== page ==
The photographs in the next room continue Mitchell’s exploration of these kinds of tensions, where he mixes fashion glamour with poses that subtly evoke repression. While the models are always beautiful (both the men and the women) and the settings seem benign, the way the bodies are held and grouped recalls hands behind the back to be handcuffed, being grabbed (and held) from behind, men standing in a lineup (some with bent heads), and ominous threatening shadows. The most politicized of these setups places a young family with two baby girls under dark encroaching skies and a tattered American flag, the symbolism effectively combining protective and threatening elements.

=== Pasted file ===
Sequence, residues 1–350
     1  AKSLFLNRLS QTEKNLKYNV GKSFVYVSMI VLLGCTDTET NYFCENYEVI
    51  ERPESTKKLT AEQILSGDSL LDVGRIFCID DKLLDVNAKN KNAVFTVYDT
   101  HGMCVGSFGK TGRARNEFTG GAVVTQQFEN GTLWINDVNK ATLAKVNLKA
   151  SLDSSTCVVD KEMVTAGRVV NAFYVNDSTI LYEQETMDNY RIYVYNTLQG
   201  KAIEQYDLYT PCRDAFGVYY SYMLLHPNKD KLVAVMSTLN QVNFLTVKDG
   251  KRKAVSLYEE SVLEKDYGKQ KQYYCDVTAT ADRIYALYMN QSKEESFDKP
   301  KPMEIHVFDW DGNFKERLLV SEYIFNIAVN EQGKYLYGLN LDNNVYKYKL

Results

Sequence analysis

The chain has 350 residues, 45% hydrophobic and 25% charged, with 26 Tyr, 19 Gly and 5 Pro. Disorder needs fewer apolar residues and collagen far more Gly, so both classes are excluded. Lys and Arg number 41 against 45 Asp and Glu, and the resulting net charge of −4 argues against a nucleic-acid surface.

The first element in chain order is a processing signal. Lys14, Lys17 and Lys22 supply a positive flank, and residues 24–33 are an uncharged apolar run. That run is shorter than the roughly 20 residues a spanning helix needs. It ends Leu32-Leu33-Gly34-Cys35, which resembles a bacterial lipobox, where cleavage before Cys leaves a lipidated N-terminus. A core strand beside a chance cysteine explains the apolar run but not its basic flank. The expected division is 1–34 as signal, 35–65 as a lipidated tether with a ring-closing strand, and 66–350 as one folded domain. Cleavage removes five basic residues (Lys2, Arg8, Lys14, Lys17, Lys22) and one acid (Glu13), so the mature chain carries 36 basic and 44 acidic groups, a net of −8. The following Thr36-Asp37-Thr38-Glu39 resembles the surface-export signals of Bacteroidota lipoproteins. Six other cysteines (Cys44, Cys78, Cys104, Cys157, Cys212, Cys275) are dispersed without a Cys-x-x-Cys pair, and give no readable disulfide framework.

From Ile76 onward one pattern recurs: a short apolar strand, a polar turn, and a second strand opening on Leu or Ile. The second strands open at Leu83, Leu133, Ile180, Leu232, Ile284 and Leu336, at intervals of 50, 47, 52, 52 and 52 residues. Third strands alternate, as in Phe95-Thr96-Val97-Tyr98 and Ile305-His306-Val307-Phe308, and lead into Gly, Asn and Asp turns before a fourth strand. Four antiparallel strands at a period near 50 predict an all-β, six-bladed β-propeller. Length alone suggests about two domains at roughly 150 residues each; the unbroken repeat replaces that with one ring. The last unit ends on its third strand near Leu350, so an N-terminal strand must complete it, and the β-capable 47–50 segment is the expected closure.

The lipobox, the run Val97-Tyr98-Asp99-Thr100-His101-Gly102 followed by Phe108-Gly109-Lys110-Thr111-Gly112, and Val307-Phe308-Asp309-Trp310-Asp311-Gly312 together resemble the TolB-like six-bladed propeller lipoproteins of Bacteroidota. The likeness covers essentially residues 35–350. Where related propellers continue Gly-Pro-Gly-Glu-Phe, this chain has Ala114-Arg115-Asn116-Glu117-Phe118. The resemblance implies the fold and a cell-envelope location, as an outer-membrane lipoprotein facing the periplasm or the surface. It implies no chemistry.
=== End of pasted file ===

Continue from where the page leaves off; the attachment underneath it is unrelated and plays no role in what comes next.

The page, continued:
Mitchell returns to lyricism in his video Idyllic Space, the screen placed on the ceiling and visitors encouraged to sprawl on beanbags on the floor, surrounded by fake grass, a white picket fence, and a soothing soundtrack. The video progresses through a series of child-like scenes (some filmed from underneath), where young men play tag, ride tricycles, eat ice cream, jump into swimming pools, and playfully lie on their backs throwing gummy bears into each others’ mouths. Each moment is like a glorious return to childhood, although perhaps not a childhood normally associated with black boys, and this is where Mitchell’s work turns melancholy. These scenes are filled with genuine joy and laughter, where welcoming smiles, broadly outstretched arms, and the warmth of friendship fill the air, and yet, this dreamlike positivity (which white kids often take for granted) is at odds with the stereotype; Mitchell’s video experience aims to repair that imbalance, and it delivers a memorably moving slice of celebration tinged with an inversion of absence and regret.